Astaxanthin: A Powerful Health-giving Substance Found In Salmon

Now there’s even more reason to eat wild salmon.

In addition to salmon’s high levels of brain-boosting and inflammation-fighting essential fatty acids (EFAs), it also contains a substance called astaxanthin. Astaxanthin is the substance that gives salmon its red color, but it also has an abundance of health giving properties.

Here is a list of the ways astaxanthin supports the body:

  • Functions as a powerful antioxidant, decreasing free radical damage to tissues, cells and even DNA – it’s 6,000 times more effective at protecting DNA than vitamin C
  • Lowers elevated blood pressure
  • Supports healthy digestion by preventing gastric ulcers
  • Prevents eye fatigue and Age-Related Macular Degeneration
  • It protects against at least seven types of cancer, including liver, colon & breast cancers
  • Protects against skin damage from the sun
  • Enhances the immune system
  • Acts as an anti-inflammatory, reducing symptoms of rheumatoid arthritis – it also lowers the systemic inflammatory marker, C-Reactive Protein (CRP)
  • Inhibits mercury damage to the kidneys

That’s a lot of benefit.

The best salmon to get the greatest amount of astaxanthin is sockeye salmon. This is also called red salmon or blueback salmon. The redder the salmon, the more astaxanthin it contains.

Research shows that 4 to 8 mg of astaxanthin a day is enough to get its benefits. However it is such a safe compound that animal studies show a complete lack of toxicity even at very high doses.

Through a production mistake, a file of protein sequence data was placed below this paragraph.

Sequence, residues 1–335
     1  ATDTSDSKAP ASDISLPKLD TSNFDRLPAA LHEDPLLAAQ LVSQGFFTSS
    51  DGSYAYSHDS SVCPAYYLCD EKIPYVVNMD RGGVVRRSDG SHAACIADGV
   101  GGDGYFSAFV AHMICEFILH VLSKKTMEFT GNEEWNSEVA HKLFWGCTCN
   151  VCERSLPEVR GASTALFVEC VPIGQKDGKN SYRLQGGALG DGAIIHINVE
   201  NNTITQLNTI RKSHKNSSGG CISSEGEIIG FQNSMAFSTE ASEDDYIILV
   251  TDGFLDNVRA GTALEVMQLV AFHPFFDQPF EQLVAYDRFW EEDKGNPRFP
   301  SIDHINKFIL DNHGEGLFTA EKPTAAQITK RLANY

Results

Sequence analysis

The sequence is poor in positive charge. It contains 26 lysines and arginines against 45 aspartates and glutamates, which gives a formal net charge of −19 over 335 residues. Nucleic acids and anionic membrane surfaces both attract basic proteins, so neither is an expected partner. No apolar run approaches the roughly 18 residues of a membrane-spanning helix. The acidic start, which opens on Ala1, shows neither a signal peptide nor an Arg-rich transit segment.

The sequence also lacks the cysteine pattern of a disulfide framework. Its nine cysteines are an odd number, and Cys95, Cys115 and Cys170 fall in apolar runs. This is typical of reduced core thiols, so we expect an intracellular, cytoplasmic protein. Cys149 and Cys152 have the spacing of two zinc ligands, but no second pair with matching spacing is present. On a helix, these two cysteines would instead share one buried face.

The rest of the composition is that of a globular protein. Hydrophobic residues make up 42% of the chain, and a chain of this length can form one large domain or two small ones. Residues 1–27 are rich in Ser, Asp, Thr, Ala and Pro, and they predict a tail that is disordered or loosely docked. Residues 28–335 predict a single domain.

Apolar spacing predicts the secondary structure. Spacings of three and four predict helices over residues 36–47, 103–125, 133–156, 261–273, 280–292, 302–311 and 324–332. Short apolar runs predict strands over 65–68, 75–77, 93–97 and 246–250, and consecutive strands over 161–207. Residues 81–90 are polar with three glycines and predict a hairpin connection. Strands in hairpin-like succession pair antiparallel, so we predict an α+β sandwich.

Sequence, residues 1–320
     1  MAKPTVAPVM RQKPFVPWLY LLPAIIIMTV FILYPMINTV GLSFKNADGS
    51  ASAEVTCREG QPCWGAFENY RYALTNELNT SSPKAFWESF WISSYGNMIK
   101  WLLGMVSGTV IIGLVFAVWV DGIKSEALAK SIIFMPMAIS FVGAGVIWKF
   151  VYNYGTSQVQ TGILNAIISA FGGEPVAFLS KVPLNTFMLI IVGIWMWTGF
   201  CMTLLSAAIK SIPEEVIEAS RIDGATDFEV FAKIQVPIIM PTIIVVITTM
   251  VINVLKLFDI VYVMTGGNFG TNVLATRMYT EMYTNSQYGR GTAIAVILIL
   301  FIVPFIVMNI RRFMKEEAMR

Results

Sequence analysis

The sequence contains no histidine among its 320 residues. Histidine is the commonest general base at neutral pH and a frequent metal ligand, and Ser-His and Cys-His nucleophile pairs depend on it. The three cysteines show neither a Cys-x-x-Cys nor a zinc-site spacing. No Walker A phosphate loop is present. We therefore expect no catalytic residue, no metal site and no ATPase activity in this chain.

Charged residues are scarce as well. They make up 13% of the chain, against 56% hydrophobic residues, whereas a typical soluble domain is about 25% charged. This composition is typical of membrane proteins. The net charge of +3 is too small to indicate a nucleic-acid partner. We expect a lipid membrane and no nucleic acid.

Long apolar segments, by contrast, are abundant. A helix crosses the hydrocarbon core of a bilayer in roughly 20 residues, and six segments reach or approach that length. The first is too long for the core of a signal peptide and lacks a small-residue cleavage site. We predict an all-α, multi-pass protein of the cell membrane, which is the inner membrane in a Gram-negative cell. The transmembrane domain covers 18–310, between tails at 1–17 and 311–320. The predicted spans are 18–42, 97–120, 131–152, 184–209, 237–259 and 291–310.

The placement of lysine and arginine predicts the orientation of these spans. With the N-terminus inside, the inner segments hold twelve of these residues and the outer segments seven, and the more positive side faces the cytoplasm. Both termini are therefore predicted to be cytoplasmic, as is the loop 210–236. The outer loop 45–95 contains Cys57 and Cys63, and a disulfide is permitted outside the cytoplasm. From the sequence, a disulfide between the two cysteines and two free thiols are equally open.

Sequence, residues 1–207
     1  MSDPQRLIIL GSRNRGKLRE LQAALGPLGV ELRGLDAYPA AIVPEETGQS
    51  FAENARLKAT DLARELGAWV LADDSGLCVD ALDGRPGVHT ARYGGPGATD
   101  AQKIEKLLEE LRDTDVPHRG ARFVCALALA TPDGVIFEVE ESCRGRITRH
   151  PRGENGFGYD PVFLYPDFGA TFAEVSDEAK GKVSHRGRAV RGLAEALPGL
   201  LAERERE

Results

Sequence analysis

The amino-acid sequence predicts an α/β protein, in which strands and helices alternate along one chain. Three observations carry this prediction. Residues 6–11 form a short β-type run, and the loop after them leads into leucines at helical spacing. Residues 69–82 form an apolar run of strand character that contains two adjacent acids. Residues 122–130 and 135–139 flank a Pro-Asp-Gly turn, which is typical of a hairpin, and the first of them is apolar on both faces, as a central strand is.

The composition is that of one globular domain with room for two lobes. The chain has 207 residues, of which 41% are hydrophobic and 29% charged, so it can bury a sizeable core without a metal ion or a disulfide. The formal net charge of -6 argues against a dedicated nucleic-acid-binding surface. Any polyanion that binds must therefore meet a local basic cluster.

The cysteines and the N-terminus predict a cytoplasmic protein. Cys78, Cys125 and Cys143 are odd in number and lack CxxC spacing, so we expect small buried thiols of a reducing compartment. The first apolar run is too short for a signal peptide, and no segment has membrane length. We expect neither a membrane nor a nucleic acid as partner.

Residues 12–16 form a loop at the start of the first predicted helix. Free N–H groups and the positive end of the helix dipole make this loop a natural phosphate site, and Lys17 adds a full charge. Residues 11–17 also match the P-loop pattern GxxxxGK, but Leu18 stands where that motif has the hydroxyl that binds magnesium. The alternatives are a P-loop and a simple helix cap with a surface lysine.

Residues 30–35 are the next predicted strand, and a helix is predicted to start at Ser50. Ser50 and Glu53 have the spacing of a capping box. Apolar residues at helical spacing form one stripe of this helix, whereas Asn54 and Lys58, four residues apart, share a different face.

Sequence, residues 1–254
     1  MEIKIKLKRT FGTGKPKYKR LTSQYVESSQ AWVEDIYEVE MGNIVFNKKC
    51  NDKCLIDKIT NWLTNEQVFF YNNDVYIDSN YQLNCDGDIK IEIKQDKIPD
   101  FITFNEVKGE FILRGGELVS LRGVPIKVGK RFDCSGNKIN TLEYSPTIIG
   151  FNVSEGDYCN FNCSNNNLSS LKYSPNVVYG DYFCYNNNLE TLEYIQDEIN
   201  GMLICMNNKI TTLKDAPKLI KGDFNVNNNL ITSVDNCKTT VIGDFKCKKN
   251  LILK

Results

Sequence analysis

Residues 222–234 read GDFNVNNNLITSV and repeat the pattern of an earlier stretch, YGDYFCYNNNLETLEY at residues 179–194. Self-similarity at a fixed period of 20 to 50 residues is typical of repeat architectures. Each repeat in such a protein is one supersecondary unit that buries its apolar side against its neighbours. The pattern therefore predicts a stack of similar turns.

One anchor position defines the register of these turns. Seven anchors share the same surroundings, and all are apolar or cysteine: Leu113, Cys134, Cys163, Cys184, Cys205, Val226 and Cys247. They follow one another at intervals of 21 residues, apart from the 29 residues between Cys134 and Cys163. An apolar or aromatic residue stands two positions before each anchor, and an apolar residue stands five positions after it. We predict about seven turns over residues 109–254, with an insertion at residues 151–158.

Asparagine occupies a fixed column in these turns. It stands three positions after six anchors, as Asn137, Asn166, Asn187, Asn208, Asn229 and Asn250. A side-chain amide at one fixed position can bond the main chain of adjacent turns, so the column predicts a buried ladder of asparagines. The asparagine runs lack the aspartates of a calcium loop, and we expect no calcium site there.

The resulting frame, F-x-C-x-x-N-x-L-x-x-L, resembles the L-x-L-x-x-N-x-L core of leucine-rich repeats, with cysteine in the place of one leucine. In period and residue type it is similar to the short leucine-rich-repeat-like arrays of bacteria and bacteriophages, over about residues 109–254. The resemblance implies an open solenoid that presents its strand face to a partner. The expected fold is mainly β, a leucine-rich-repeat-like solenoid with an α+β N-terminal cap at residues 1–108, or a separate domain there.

100 grams of wild sockeye salmon provides as much as 4.5 grams of astaxanthin. Farm raised salmon has less than one fourth as much.

However if you don’t eat much fish or can’t eat it every day, there are other sources.

One source is supplemental krill oil. If you plan on taking it this way, be sure to find krill oil that lists at least 1.5 mg of astaxanthin per serving. That’s usually 2 caplets per serving. Taking three servings a day will provide 4.5 mg of astaxanthin. If you have a shellfish allergy, be cautious taking krill oil. Krill is a very small relative of shrimp.

If you’d prefer to take astaxanthin by itself, you can find it as a stand-alone supplement. Common potencies include 2 mg and 4 mg per dose.

When taking supplemental forms it’s best to take them with meals containing fats or oils. This makes sure you absorb the astaxanthin completely.


Hyperhealth Pro Database, In-Tele-Health, Hansville, WA, 2008.

Salmon That’s Nine Times Better

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